Archive for September, 2014

The Origin of CERN

Posted in History, The Universe and Stuff with tags , , , , on September 30, 2014 by telescoper

Since  CERN, the Geneva home of the Large Hadron Collider, is currently celebrating its 60th Anniversary, I thought I would use this organ to correct a widespread misapprehension concerning the the true historical origin of that organization. I have to say the general misunderstanding of the background to CERN is not helped by the information produced locally which insists that CERN is an acronym for Conseil Européen pour la Recherche Nucléaire and that it came into being in 1954. This may be the date at which the Geneva operation commenced, but the organization has a far older origin than that.

CERN is in fact named after the Dorset village of Cerne Abbas, most famous for a prehistoric hill figure called the Cerne Abbas Giant. The following aerial photograph of this outstanding local landmark proves that the inhabitants of Dorset had the idea of erecting a large hardon facility hundreds of years ago…

Poetic Words: Dannie Abse

Posted in Poetry with tags , , on September 30, 2014 by telescoper

I don’t usually post about poetry two days running, but circumstances seem to justify reblog of the poem Three Street Musicians by wonderful Welsh poet Dannie Abse, who died on Sunday.

A Few Reasonable Words

Tipped by BBC Radio’s Words and Music on the legend of Orpheus, found this wonderful poem by
the Welsh poet Dannie Abse.

Three Street Musicians

Three street musicians in mourning overcoats
worn too long, shake money boxes this morning,
then, afterwards, play their suicide notes.

The violinist in chic, black spectacles, blind,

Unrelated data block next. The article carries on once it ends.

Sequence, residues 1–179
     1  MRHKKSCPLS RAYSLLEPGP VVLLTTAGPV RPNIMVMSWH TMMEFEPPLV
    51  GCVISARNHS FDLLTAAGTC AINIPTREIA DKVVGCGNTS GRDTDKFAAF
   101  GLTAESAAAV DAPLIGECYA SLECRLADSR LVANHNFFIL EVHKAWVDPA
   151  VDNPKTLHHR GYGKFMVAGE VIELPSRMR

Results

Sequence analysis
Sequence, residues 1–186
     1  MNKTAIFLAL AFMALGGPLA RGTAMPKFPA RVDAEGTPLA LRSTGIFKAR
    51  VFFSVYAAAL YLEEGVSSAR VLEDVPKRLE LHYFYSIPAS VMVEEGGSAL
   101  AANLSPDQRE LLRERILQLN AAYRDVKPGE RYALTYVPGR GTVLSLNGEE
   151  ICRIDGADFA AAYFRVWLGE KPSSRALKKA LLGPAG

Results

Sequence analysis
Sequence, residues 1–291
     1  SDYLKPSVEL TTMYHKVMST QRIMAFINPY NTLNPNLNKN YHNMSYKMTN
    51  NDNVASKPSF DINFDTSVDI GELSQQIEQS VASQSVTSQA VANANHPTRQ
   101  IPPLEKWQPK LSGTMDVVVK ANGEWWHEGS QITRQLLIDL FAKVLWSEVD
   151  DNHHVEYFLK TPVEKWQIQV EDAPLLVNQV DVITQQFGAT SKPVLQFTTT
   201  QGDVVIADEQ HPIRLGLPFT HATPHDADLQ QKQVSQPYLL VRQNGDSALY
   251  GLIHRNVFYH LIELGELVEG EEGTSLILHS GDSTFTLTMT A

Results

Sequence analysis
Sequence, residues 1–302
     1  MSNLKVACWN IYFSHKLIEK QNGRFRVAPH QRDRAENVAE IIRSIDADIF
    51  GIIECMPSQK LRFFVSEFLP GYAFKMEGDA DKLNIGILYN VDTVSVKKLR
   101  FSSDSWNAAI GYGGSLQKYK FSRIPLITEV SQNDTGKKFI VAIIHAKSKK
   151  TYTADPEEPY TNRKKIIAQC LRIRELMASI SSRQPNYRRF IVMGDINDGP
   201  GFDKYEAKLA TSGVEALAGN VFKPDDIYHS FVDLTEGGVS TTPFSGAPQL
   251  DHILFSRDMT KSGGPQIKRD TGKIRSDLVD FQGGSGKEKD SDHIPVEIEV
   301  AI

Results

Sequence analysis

the stout tenor with a fake Napoleon stance,
and the looney flautist following behind,

they try to importune us, the busy living,
who hear melodic snatches of musichall
above unceasing waterfalls of traffic.

Yet if anything can summon back the dead
it is the old-time sound, old obstinate tunes,
such as they achingly render and suspend:

‘The Minstrel Boy’, ‘Roses of Picardy’.
No wonder cemeteries are full of silences
and stones keep down the dead that they defend.

Stones too light! Airs unresistible!
Even a dog listens, one paw raised, while the stout,
loud man amazes with…

View original post 48 more words

House on a Cliff

Posted in Poetry with tags , , , on September 29, 2014 by telescoper

Indoors the tang of a tiny oil lamp. Outdoors
The winking signal on the waste of sea.
Indoors the sound of the wind. Outdoors the wind.
Indoors the locked heart and the lost key.

Outdoors the chill, the void, the siren. Indoors
The strong man pained to find his red blood cools,
While the blind clock grows louder, faster. Outdoors
The silent moon, the garrulous tides she rules.

Indoors ancestral curse-cum-blessing. Outdoors
The empty bowl of heaven, the empty deep.
Indoors a purposeful man who talks at cross
Purposes, to himself, in a broken sleep.